General Overviews

The following books and articles specifically address the questions associated with documenting and describing how educational systems have grown and changed. In particular, they address whether the expansion of education has had an effect over time on the social stratification of society. In general, these books and articles look to the degree to which educational criteria that have been achieved by individuals have replaced attributes over which individuals have no control (gender, race, and socioeconomic background, for example). In addition, they ask how the expansion of education has changed the other structures of society. Barnhouse 2000 provides an excellent overview of educational expansion and whether it has changed societal elites. Heidenheimer, et al. 1990, by political scientists, contrasts the expansion of education in the United States and in Europe and develops a very interesting hypothesis about why they differed so much. Mare 1981 examines the conditions under which significant expansion takes place. Trow 2010 is an astute description of the transformation of higher education in the United States.

  • Barnhouse Walters, Pamela. “The Limits of Growth: School Expansion and School Reform in Historical Perspective.” In Handbook of the Sociology of Education. Edited by Maureen T. Hallinan, 241–261. New York: Kluwer Academic-Plenum, 2000.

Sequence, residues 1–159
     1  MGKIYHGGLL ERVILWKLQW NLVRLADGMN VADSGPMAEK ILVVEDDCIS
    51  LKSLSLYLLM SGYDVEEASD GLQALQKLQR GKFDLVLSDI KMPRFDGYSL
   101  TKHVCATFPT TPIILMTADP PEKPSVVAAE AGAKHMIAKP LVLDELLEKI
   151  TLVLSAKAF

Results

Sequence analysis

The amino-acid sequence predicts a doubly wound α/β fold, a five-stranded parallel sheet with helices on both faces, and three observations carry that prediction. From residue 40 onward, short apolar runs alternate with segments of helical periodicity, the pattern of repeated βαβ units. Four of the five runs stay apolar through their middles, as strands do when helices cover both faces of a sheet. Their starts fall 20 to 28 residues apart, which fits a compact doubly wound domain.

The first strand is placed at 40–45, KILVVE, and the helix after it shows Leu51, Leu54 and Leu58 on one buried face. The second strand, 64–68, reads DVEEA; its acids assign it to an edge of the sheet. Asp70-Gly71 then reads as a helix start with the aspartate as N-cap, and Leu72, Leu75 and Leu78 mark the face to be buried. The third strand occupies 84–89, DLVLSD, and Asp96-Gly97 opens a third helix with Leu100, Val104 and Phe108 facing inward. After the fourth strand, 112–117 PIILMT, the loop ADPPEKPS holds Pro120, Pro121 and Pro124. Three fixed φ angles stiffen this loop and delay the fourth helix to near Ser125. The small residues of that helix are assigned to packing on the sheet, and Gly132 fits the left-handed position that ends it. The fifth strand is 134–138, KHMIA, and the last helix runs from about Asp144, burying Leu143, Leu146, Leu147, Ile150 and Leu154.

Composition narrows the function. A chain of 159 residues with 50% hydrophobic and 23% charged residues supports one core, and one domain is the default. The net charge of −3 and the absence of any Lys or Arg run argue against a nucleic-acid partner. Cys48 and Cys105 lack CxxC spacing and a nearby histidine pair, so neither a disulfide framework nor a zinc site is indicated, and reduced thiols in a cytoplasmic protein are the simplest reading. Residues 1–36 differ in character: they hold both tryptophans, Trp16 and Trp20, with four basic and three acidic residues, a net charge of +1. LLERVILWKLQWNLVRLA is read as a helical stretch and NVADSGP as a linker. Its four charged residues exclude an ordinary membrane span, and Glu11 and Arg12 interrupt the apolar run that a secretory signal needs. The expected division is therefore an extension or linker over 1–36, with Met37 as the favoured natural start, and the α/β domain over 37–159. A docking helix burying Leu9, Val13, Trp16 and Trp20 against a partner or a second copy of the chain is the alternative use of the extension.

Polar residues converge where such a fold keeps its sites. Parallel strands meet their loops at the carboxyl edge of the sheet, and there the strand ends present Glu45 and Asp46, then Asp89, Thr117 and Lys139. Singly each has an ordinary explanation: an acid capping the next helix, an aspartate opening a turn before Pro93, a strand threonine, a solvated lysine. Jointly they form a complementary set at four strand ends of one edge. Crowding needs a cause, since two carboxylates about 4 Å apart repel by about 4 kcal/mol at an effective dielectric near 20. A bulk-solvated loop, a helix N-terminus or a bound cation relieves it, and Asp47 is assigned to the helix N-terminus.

Argues that growth in educational opportunity has allowed greater access to education and helped to satisfy demands for greater equity without fundamentally jeopardizing the benefits accruing to advantaged groups.

  • Heidenheimer, Arnold J., Hugh Helco, and Carolyn Teich Adams. “Education Policy.” In Comparative Public Policy. 3d ed. Edited by Arnold J. Heidenheimer, Hugh Helco, and Carolyn Teich Adams, 21–51. New York: St. Martin’s, 1990.

    Noting the very early expansion of educational opportunity in the United States, this essay argues that in the United States, educational expansion took place instead of the expansion of other welfare rights such as occurred in Europe. The second edition was published in 1983.

  • Mare, Robert D. “Change and Stability in Educational Stratification.” American Sociological Review 46 (1981): 72–87.

    DOI: 10.2307/2095027

    An early formulation of the Maintaining Maximum Inequality hypothesis, which predicts that educational expansion occurs only when advantaged groups in a society have taken full benefit of that level of education.

  • Trow, Martin, and Michael Burrage, ed. 2010. Twentieth-Century Higher Education: Elite to Mass to Universal. Baltimore: Johns Hopkins University Press.

    A collection of the writing of Trow, an influential and prolific observer of the expansion of US higher education since 1950.